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Positive self-statements do more harm than good

Washington, Sat, 04 Jul 2009 ANI

Washington, July 4 (ANI): While self-help books are considered to boost a person's moral, a piece of research now suggests that positive self-statements in such books may actually leave people with low self-esteem and feeling worse about themselves.

 

Psychologists Joanne V. Wood and John W. Lee from the University of Waterloo, and W.Q. Elaine Perunovic from the University of New Brunswick, found that individuals with low self-esteem actually felt worse about themselves after repeating positive self-statements.

 

In the study, the researchers asked participants with low self-esteem and high self-esteem to repeat the self-help book phrase "I am a lovable person."

 

Then the psychologists measured the participants' moods, and their momentary feelings about themselves.

 

It was found that the individuals with low self-esteem felt worse after repeating the positive self-statement, compared to another low self-esteem group who did not repeat the self-statement.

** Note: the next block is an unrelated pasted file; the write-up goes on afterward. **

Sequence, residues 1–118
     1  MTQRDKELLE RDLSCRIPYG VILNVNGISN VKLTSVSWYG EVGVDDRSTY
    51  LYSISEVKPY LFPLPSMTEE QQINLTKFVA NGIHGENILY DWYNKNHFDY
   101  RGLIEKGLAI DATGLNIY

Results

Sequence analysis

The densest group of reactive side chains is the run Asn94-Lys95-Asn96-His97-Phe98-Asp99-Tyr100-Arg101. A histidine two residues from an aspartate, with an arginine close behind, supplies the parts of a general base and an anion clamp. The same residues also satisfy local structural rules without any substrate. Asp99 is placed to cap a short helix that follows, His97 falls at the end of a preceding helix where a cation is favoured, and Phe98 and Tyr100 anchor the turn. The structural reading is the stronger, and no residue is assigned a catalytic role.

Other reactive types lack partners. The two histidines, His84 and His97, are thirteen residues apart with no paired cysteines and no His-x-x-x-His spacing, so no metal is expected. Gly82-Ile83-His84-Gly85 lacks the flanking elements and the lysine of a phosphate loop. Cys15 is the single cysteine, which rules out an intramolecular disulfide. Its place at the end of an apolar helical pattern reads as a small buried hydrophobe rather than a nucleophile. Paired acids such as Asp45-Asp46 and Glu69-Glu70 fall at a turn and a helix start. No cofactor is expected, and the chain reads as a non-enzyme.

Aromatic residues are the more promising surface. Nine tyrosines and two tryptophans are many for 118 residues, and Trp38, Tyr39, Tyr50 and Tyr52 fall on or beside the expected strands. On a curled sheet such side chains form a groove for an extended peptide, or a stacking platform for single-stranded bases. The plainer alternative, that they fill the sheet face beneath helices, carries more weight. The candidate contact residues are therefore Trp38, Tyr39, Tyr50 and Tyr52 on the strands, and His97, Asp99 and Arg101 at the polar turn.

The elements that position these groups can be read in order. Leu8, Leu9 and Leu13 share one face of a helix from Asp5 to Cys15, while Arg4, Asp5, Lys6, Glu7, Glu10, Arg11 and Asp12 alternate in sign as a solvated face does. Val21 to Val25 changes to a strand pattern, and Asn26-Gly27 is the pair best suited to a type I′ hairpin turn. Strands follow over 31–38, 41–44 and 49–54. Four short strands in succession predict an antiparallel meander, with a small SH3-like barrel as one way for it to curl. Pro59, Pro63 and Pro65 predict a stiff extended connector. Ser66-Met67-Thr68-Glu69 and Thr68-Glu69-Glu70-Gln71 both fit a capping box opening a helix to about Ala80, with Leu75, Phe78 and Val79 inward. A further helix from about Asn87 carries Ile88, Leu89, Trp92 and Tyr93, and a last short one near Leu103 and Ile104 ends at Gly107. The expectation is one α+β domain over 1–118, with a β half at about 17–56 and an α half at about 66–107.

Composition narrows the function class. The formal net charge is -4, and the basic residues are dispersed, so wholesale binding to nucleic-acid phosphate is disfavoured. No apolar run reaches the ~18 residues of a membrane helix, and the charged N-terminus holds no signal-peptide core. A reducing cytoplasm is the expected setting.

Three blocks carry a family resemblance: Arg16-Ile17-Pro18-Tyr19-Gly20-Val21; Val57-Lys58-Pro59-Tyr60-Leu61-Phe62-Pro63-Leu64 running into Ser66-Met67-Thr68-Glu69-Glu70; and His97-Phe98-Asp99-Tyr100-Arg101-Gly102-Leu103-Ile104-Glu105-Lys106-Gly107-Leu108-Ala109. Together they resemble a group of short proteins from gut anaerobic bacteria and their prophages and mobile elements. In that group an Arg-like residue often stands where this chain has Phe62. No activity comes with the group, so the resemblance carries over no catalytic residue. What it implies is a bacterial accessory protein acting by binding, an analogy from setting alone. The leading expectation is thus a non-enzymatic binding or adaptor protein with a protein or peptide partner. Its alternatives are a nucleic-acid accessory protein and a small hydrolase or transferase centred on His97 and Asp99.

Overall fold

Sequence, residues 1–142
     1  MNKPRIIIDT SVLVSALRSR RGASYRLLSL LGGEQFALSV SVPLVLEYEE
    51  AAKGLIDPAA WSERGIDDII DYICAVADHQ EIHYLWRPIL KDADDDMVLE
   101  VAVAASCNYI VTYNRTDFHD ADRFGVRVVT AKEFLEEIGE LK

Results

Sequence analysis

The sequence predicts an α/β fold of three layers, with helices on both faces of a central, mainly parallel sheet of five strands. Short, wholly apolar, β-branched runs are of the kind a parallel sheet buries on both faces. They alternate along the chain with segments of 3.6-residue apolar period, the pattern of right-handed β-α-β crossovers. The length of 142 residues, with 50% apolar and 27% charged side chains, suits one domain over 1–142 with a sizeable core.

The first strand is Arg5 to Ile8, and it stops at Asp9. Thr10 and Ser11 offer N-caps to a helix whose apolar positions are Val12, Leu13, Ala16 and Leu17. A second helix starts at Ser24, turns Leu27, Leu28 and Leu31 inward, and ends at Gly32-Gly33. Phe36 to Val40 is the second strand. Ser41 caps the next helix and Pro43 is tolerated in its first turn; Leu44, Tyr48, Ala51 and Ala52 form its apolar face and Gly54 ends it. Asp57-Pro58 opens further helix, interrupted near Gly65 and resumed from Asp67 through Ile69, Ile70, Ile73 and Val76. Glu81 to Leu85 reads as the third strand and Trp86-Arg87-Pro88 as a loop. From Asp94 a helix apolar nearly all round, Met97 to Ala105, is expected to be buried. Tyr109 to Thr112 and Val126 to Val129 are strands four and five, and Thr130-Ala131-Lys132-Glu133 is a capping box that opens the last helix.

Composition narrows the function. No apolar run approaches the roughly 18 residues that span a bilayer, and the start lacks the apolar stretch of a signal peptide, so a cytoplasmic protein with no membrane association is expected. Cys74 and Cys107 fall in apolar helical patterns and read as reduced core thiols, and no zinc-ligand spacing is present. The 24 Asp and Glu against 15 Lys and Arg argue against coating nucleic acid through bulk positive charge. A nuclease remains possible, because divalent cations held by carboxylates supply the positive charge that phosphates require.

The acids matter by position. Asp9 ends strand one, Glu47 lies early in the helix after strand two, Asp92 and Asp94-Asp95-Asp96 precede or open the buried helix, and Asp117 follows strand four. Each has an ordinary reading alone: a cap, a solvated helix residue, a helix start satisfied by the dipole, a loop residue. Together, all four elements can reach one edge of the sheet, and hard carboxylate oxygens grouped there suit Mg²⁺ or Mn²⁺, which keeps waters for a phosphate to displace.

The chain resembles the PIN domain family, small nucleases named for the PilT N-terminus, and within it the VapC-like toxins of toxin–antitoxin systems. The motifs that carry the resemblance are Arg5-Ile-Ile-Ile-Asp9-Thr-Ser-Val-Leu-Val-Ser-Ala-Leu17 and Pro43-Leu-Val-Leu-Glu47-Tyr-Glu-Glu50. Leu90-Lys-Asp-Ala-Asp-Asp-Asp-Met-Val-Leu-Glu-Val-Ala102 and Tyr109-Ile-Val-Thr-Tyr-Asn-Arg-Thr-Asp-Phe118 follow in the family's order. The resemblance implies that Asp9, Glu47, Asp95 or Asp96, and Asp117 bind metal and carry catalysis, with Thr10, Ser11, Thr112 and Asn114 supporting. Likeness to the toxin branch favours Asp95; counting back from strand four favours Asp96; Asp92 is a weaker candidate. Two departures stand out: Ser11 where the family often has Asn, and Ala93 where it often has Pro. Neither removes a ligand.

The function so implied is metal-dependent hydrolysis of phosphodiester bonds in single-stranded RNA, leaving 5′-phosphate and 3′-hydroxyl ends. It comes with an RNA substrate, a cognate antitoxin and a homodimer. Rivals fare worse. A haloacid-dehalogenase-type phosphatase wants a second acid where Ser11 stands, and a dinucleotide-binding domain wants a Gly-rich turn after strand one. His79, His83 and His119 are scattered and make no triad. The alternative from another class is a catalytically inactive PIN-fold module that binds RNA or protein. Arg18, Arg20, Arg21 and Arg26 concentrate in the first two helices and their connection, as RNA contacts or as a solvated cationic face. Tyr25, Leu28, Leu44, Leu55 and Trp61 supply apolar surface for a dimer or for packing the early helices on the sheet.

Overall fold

The individuals with high self-esteem felt better after repeating the positive self-statement, but only slightly.

 

In a follow-up study, the psychologists allowed the participants to list negative self-thoughts along with positive self-thoughts.

 

Surprisingly, they found that moods of the participants with low self-esteem fared better when they were allowed to have negative thoughts than when they were asked to focus exclusively on affirmative thoughts.

 

The psychologists suggested that, like overly positive praise, unreasonably positive self-statements, such as "I accept myself completely," could provoke contradictory thoughts in individuals with low self-esteem.

 

Such negative thoughts can overwhelm the positive thoughts, and if people are instructed to focus exclusively on positive thoughts, they may find negative thoughts to be especially discouraging.

 

The authors concluded: "Repeating positive self-statements may benefit certain people [such as individuals with high self-esteem] but backfire for the very people who need them the most."

 

The study has been published in Psychological Science, a journal of the Association for Psychological Science. (ANI)

 


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